Dozens of suspected terrorists arrested in northern Europe

Arrests in Belgium, Germany and France follow Belgian raid in which two jihadists killed

 

Dozens of suspected terrorists were arrested by police across northern Europe yesterday as part of a crackdown on jihadism, as Belgian authorities said they had foiled an imminent attack on Belgian police forces.

Thirteen suspects were arrested by Belgian police, and a further two in France, following Thursday’s police raid in Verviers during which two suspected jihadists were killed. Five of the suspects were charged last night in Brussels. Germany detained two suspects in Berlin, having searched 11 premises, while 12 people – eight men and four women – were in police custody in France last night in connection with last week’s terrorist attacks in Paris.

Belgium’s federal prosecutor Eric van der Sypt said that a “concrete plan” to kill members of the Belgian police force had been averted following 12 separate raids on residences in the wake of Thursday’s events in Verviers. The attack could have taken place within “hours, certainly no more than a day or two”, Mr van der Sypt said.

Amid heightened security in Brussels, Belgium’s prime minister Charles Michel told a news conference the army was on standby to support police as Belgium’s security alert level was raised from two to three under a four-point security scale for the first time since the 1980s.

Increased security

A number of Jewish schools in Antwerp and Brussels closed yesterday, while the European Commission also increased security, though a spokeswoman said there had been no specific threat against the institution.

 

German police confirmed that two men had been arrested in Berlin on suspicion of recruiting fighters for the Islamic State in Syria following dawn raids on 11 residences yesterday.

The suspects, who are understood to have roots in the Turkish community, had not been planning attacks in Germany, officials said.

As US secretary of state John Kerry visited Paris, tensions remained high in the French capital. An armed man held several people hostage in a post office northwest of Paris, though he later surrendered and was arrested by police. Gare de l’Est in Paris was also evacuated after an alleged bomb threat.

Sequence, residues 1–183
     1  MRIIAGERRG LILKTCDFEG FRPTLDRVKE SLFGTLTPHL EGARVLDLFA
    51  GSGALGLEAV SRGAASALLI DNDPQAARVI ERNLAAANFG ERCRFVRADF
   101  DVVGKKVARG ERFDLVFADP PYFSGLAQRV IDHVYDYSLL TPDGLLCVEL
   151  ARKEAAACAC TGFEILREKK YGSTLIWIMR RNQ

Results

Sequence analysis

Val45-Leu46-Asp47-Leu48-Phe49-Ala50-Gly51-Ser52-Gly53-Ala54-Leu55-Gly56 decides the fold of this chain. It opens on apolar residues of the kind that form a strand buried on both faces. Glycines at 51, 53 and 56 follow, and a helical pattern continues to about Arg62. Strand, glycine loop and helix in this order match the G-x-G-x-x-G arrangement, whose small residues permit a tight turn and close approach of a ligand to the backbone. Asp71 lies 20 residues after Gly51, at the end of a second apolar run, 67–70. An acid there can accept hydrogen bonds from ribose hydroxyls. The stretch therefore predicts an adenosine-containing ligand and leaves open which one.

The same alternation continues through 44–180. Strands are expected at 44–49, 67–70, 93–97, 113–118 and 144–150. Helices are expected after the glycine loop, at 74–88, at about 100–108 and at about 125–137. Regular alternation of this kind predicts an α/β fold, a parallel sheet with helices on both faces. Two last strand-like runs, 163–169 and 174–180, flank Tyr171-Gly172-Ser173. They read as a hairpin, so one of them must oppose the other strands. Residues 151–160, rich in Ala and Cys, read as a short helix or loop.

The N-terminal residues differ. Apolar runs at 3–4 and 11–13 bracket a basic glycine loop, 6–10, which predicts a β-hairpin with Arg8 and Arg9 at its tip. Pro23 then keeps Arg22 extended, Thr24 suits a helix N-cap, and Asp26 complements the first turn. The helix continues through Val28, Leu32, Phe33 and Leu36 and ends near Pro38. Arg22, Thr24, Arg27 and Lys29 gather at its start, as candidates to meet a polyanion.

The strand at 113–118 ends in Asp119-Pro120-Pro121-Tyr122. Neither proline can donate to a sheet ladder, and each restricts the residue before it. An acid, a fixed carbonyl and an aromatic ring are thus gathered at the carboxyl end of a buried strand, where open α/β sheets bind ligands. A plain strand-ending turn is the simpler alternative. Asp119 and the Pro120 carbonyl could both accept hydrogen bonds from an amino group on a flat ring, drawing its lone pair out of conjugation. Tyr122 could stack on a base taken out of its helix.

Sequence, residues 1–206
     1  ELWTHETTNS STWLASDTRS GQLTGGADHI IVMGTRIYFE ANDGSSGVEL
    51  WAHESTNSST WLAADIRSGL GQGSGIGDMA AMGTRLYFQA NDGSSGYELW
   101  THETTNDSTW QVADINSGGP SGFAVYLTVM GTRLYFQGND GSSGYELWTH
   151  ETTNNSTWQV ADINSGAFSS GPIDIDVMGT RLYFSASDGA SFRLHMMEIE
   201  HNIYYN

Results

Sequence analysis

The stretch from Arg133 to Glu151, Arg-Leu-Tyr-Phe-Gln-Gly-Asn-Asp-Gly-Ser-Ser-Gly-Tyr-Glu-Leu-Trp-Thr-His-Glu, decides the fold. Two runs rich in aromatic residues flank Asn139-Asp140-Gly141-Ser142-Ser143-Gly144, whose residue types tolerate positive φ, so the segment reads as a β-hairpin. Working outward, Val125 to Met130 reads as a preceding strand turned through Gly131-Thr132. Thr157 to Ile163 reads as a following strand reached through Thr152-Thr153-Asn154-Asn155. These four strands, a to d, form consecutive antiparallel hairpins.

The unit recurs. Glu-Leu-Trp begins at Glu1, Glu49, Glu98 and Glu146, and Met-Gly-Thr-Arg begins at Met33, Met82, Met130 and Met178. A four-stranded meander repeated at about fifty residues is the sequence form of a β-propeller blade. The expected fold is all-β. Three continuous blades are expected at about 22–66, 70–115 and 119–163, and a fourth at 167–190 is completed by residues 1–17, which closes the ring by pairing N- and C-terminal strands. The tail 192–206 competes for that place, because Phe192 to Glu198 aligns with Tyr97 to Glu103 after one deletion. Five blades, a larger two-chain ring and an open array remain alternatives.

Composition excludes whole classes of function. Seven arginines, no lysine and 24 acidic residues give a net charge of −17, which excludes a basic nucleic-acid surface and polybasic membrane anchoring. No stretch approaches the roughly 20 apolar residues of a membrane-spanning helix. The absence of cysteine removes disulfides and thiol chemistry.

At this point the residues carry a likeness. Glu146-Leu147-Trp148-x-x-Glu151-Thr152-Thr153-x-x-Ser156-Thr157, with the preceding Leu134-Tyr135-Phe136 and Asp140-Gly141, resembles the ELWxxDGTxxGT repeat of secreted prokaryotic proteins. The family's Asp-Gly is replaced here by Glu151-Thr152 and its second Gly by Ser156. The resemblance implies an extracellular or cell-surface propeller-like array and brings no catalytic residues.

In Brussels, police said the two people killed by anti-terrorist police on Thursday were still being formally identified. While the two deceased had recently returned from Syria, officials could not confirm if all 15 suspects arrested as part of the Belgian counter-terrorism operation had spent time in Syria, though all were part of the same terrorist network.

Nine of the suspects had been arrested in the Brussels suburb of Molenbeek, just west of the city centre, and home to a large Muslim population.

Kalashnikov

 

rifles Police retrieved

police uniforms, four Kalashnikov rifles, ammunition, false documents, and a large amount of cash from the apartment in which the two deceased were shot, the federal prosecutor said.

French prime minister Manuel Valls said there “seemed to be” no links between events in France and the raid on the extremist hideout in Belgium on Thursday. “The link that exists is the will of terrorists to attack our values, our compatriots”.

The fallout from those events continued further afield. Clashes between police and protesters outside the French consulate in Karachi, Pakistan left four people with gunshot wounds, two of them journalists.

In Niger, four people were killed when protests against Charlie Hebdo turned violent. There were also clashes in Algeria.